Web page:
Academic journal article The Journal of the American Oriental Society

Political Advice, Translation, and Empire in South Asia

Academic journal article The Journal of the American Oriental Society

Political Advice, Translation, and Empire in South Asia

Article excerpt


Advice literature in Arabic and Persian, variously known as nasai'ih and akhlaq, had a major influence in the context of Muslim imperial rule. Much of it was itself influenced by or taken directly from works of Sanskrit origin that deal with governance and ethics, an important repository for moral ideals and precepts of kingship in the medieval world of South Asia. This article will examine the long history of the efforts of different Muslim rulers to access political knowledge through translation. A full understanding of a history of translation in South Asia is still quite murky--the Mughal translation projects carried out in the sixteenth and seventeenth centuries, a period particularly rich in translations into Persian, have tended to overshadow the various cultures of translation that existed before then. But the history begins at least in the eleventh century. It continues, with a different purpose, into the British colonial era, when the focus was also not merely on Sanskrit to Persian or Arabic.

This article takes as point of reference the text of the Hitopadesa (Friendly Advice), a classic example of Sanskrit political advice literature known as niti. This genre in Sanskrit is exemplified by the Arthasastra (Treatise on Statecraft) of Kautilya, traditionally dated to the reign of the Maurya emperor Candragupta I (321-297 BCE) and thought to be the most important work on political thought of the classical period of Sanskrit literature. (1) The original Hitopadesa was presumably composed by an author named Narayana in the court of Dhavalacandra, possibly in Bengal during the tenth century, although various other dates are given that range from the ninth through the fourteenth centuries. (2) However, the text is equally relevant for the translations that it produced. It was translated into Persian as Mufarrih al-qulub (The Rejoicer of Hearts) during the Sharqi dynastic period, ca. 1446, in the century preceding the establishment of Mughal rule in North India. A translation of Mufarrih al-qulub into the "mixed" language of North India (combining Persian and pre-modern Hindi), or Rekhta, as it was known before the standardization of modern Hindi and Urdu, was produced in the very different context of British colonial rule at the turn of the nineteenth century. (3) It was retitled Akhlaq-i hindi (Indian Ethics) and completed in 1803. These three interlinking texts, or one text in three languages, represent a kind of triptych of translation and empire.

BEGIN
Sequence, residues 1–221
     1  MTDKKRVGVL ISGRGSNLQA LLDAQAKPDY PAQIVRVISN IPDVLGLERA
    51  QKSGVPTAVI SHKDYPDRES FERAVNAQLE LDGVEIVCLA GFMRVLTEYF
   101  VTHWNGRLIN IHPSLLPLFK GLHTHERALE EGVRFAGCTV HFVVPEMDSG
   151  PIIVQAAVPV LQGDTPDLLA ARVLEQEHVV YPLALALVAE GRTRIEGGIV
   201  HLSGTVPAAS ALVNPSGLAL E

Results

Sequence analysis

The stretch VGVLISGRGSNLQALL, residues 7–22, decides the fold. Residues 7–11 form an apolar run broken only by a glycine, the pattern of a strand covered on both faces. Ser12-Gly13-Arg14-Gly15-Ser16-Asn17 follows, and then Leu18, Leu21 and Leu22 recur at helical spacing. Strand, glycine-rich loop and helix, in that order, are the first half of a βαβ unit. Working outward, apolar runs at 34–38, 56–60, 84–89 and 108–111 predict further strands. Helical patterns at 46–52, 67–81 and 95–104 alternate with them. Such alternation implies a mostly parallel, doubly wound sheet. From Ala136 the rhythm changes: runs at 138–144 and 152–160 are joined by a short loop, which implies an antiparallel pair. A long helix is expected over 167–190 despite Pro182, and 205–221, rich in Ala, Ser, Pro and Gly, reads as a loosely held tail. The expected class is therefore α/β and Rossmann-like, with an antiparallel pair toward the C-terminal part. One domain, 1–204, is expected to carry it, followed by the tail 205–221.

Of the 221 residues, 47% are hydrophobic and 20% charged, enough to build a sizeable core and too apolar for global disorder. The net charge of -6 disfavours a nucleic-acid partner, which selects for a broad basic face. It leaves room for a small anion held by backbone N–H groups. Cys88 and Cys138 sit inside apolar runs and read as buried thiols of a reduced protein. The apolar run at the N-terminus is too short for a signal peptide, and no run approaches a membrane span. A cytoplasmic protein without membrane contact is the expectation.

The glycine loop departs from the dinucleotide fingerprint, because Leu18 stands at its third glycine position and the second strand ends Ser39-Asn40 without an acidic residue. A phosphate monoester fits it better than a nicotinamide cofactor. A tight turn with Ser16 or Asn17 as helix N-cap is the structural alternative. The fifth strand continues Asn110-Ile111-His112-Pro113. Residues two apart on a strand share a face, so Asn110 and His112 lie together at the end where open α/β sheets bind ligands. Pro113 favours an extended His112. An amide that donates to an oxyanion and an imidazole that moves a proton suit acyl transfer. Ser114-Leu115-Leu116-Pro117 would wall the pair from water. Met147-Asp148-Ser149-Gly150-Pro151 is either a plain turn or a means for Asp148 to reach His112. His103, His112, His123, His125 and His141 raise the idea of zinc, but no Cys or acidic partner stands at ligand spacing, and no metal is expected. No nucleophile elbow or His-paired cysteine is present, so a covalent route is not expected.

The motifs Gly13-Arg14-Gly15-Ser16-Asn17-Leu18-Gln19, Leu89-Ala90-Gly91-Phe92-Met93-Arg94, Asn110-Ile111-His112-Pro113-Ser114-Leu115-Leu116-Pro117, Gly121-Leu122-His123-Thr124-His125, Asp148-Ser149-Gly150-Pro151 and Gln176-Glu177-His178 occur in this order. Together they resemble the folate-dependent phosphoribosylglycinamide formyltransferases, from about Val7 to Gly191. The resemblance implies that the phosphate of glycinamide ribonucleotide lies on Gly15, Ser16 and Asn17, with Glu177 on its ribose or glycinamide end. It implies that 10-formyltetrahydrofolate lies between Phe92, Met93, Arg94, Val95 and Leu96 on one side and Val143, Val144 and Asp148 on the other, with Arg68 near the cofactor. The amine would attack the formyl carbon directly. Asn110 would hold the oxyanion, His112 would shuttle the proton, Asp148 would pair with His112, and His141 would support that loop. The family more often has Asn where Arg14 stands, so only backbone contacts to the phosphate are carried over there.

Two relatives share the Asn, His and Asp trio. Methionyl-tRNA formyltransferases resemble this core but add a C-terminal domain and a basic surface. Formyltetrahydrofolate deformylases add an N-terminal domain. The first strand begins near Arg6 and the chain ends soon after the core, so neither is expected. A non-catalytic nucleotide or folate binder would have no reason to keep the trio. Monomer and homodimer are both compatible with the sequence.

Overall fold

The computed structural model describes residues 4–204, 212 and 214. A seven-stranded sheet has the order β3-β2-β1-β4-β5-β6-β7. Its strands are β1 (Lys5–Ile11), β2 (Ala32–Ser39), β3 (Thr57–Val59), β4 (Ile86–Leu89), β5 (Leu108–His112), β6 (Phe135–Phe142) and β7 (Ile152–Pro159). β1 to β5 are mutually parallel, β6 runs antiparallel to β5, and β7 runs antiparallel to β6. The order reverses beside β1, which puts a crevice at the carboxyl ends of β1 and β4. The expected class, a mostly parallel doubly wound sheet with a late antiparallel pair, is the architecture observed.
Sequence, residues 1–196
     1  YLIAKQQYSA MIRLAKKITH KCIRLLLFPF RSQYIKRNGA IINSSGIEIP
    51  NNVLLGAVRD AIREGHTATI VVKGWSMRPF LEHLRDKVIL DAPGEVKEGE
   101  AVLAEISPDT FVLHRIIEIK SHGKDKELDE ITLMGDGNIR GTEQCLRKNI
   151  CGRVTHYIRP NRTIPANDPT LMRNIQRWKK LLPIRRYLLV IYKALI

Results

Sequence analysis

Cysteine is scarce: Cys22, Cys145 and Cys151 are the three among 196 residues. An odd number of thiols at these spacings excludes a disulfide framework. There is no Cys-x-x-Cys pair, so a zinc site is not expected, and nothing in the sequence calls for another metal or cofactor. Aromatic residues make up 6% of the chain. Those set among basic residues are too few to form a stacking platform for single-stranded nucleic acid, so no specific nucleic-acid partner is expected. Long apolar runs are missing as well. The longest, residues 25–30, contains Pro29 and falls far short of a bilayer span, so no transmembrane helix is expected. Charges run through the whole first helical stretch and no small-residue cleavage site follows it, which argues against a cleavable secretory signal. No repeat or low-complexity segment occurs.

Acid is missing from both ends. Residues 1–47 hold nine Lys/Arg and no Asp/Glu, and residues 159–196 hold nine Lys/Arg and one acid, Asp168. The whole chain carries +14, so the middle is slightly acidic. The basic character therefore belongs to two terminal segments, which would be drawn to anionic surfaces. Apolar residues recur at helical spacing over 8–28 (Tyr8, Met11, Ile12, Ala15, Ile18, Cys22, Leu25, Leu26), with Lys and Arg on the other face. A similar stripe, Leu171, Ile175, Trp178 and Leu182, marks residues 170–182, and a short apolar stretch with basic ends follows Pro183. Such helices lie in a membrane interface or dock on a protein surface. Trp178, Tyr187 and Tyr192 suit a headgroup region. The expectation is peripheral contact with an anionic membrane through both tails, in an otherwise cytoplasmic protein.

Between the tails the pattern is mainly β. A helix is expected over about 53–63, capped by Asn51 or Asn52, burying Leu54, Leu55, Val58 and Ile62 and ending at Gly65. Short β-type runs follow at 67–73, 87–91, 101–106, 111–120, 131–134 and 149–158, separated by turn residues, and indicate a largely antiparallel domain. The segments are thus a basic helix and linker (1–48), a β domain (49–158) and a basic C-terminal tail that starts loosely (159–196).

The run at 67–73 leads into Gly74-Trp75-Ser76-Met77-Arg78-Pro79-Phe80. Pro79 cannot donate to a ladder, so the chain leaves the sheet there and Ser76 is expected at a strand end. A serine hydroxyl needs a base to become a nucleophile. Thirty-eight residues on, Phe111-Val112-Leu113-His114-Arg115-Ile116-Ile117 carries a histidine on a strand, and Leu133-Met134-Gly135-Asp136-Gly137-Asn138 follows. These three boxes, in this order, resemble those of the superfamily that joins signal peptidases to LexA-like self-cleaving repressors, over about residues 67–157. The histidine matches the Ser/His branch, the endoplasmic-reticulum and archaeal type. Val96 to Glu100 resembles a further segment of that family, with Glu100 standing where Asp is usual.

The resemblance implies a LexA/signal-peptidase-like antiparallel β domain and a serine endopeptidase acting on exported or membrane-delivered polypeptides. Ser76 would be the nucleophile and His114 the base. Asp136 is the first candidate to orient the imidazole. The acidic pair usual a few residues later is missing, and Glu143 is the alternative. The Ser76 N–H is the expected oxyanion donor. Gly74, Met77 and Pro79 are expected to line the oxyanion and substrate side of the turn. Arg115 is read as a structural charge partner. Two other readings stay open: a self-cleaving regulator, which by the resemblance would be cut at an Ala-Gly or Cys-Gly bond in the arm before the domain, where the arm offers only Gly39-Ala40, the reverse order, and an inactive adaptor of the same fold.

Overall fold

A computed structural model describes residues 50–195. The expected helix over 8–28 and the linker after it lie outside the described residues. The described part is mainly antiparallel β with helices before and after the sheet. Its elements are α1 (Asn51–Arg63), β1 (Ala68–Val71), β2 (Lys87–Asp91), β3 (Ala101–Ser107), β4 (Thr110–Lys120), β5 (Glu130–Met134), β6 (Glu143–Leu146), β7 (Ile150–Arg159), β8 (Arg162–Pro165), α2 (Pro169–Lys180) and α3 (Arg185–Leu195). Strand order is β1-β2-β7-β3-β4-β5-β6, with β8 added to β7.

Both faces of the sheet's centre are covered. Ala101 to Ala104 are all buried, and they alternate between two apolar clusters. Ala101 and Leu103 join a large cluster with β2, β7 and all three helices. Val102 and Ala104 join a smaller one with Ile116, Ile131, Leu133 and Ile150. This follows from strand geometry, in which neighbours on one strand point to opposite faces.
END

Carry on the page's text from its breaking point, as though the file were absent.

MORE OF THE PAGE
Through a case study of these three texts, I hope to highlight the role translations played in the history of premodern global systems of knowledge. I will be investigating primarily two questions: What is the knowledge of politics and governance in different medieval and early modern worlds, and how is that knowledge transmitted across cultures through translations, copying of texts, and commentaries, i.e., through the history of manuscripts and their recensions? The process of knowledge transmission in a variety of fields--math, medicine, astronomy, political thought--was enormous and can be said to be a defining characteristic of the premodern Muslim world. Much is known about the great period of knowledge transmission from Greek into Arabic under the Abbasids (r. 750-1258), (4) but it is equally crucial to discuss the role of knowledge and language in the power and formations of empire that shaped political and social life in Asia. In what follows I hope to demonstrate three specific points relevant to this: (1) there is a common historical thread to the different translation projects of Sanskrit political advice literature as they occurred across the medieval and early modern periods; (2) this has consequences for our general view of the Mughal project as a continuation of earlier efforts; and (3) it effected significant changes in translation, language, and knowledge transmission during the British colonial period.


The study of the Hitopadesa offers many doors for exploration in the history of language and power. …

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